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Residents express concerns over final Council districts map

Thursday, November 14, 2013 by Elizabeth Pagano

A week after the final proposed map of Austin’s first single-member districts was released, Austinites gathered mainly to tell the Independent Citizens Redistricting Commission what they felt was wrong with the map and, occasionally tell them what the panel had done right.


The meeting, held at The Lodge at 700 Dawson (formerly the Elks Lodge), was the first of two final public meetings held to gather public input on the map.


As the first speaker, Jeff Jack welcomed the commission to 78704. He asked the commission to reconsider the placement of “south bank” in District 9 with the rest of the Zilker Neighborhood. That area, which is just north of Barton Springs Road near South Lamar Boulevard, contains such things as the Zach Scott Theater, Casa de Luz and the future residents of 211 South Lamar. That area has been placed in the downtown District 9, not with the rest of the Zilker Neighborhood in District 5.


Jack said that there was a “great deal of pressure to move downtown south of the river” and that retention of that area was crucial for the neighborhood.


Several people from the Galindo Elementary Neighborhood Association, including Kathryn Kawazoe expressed concern about the division of south central neighborhoods.


“If you wouldn’t consider splitting up Circle C, why would you consider splitting up South Central?” asked Kawazoe. She explained that her neighborhood, and all of the other neighborhoods that she knew of objected to splitting up the area, and the inclusion of the northern portions in District 9.


Many of those who spoke did so to complain about the fracturing of south central Austin. Though tomorrow’s meeting will more specifically address concerns north of the river, there were also a handful of people who spoke about the northwest districts, which have changed significantly since the Sept. 28 draft map.


Northwest Austin Coalition co-founder Jimmy Flannigan told the commission that he had “pierced the river” to speak to the commission about changes to the most-recent map, and urged them to return to something closer to the previous incarnation, which followed the recommendations of his coalition. He promised similar testimony from others at tomorrow night’s “northern meeting.”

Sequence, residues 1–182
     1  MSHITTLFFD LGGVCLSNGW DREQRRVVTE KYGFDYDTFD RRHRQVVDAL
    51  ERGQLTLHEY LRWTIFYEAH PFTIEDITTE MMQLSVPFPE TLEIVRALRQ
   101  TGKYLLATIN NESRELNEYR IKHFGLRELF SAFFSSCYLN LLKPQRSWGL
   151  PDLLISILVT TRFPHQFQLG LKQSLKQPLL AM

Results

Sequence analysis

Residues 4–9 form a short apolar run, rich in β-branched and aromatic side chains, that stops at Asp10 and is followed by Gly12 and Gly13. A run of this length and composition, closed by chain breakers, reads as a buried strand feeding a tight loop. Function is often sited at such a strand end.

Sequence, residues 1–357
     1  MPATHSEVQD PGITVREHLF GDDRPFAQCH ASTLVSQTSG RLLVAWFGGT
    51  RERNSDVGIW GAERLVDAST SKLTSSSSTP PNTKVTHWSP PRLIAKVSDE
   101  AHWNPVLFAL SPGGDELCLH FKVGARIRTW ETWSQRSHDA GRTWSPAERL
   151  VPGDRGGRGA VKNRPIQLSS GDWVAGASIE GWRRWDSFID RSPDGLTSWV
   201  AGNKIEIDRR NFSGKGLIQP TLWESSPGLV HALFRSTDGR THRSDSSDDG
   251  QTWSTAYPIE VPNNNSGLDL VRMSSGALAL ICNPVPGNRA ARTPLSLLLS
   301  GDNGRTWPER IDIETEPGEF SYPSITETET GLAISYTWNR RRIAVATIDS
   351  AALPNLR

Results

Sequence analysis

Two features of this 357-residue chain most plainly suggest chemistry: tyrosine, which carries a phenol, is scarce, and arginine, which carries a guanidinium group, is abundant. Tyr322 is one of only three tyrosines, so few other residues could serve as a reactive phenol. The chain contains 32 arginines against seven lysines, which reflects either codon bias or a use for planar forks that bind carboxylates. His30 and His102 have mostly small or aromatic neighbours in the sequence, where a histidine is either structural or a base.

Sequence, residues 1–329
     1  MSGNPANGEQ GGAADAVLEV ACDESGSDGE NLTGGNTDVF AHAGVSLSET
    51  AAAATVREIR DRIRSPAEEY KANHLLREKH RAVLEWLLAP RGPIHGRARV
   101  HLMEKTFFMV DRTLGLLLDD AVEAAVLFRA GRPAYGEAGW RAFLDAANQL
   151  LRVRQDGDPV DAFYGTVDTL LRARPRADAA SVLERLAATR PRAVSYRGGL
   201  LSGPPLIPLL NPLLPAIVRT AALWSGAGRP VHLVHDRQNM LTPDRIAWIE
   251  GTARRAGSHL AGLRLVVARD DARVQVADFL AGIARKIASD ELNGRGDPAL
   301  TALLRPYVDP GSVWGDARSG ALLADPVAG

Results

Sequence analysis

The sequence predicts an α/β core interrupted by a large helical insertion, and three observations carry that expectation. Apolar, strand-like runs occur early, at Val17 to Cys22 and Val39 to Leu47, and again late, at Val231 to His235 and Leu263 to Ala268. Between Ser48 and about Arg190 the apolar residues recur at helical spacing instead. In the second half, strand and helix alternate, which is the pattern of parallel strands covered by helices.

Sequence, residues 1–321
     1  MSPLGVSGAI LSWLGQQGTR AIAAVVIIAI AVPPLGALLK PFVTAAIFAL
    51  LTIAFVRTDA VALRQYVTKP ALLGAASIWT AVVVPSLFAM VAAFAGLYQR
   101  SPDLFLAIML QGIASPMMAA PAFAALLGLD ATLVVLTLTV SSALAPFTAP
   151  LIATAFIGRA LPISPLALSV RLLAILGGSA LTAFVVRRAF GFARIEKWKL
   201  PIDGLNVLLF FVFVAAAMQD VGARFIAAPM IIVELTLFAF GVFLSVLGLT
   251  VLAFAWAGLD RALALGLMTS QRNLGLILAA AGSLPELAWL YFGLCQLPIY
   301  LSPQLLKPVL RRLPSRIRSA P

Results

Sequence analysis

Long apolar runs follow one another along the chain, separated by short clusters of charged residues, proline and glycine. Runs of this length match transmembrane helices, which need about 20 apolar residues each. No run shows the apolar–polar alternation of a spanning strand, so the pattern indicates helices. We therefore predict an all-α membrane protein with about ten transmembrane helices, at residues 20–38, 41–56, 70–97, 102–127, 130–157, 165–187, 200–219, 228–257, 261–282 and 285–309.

Those who live closer-in in the proposed District 10, however, spoke in favor of the new map and its more central configuration.


Likewise, John Sullivan, president of the Walnut Crossing Neighborhood Association in further northwest Austin said that he liked the changes made in the northwest, which he felt “reflect common sense.”


Dick Peroni, who lives in the Onion Creek neighborhood and has lived in Austin for 70 years, told the commission that his district had been “bruised and battered, and the result is not good.” He pleaded with the commission to take a second look at District 5 and consider keeping far-south Austin separate from neighborhoods that are closer to Lady Bird Lake.


Ken Jacob also lives in Onion Creek. He expressed frustration that they had backed off, as advised, once a preliminary map was drawn that they agreed with. The group was subsequently shocked to find a whole new map that connected them to more northern communities.


“My question, quite simply, is why? Why did you make so many changes in the final hour of your final meeting?” asked Jacob.


Chair Magdalena Blanco explained that those changes, too, were because of packing fears in the originally-planned District 2.


Not all of the commentary at the meeting was negative, however.


Jim Schissler, president of Oak Hill Association of Neighborhoods, read a resolution passed by the neighborhood supporting the boundaries of District 8, which contains the OHAN neighborhoods.


Chris Hayden of the Allandale Neighborhood Association, thanked the commission for making the map more compact, and urged the commission to continue to make the map more compact.


Former SRCC President Jean Mather acknowledged the hard work of the commission and said that it might be discouraging to go back and look at the Compact Districts Coalition Map, but urged them to do just that.


“I think if you looked at that map it might give us hope,” said Mather.


Representatives from the Asian-American community expressed displeasure with both maps, and the fact that there is no minority opportunity district for Asian-Americans, and, in fact, no publicly-available data on the district breakdowns until requested.


Fred McGhee spoke as past-president of the Montopolis Neighborhood Association. He questioned moving Montopolis from District 2 to 3, saying its historical associations were with Dove Springs and Del Valle. He said that though he would respect the choice to move the district north, he questioned the motivation behind that choice.


“We were advised by many people that our District (2) was a packed district,” explained Commissioner Carmen Llanes Pulido. “We’ve been working pretty extensively on it for the past three weeks.” The ICRC has been advised that a district packed with too many minority voters could cause legal troubles for the city.

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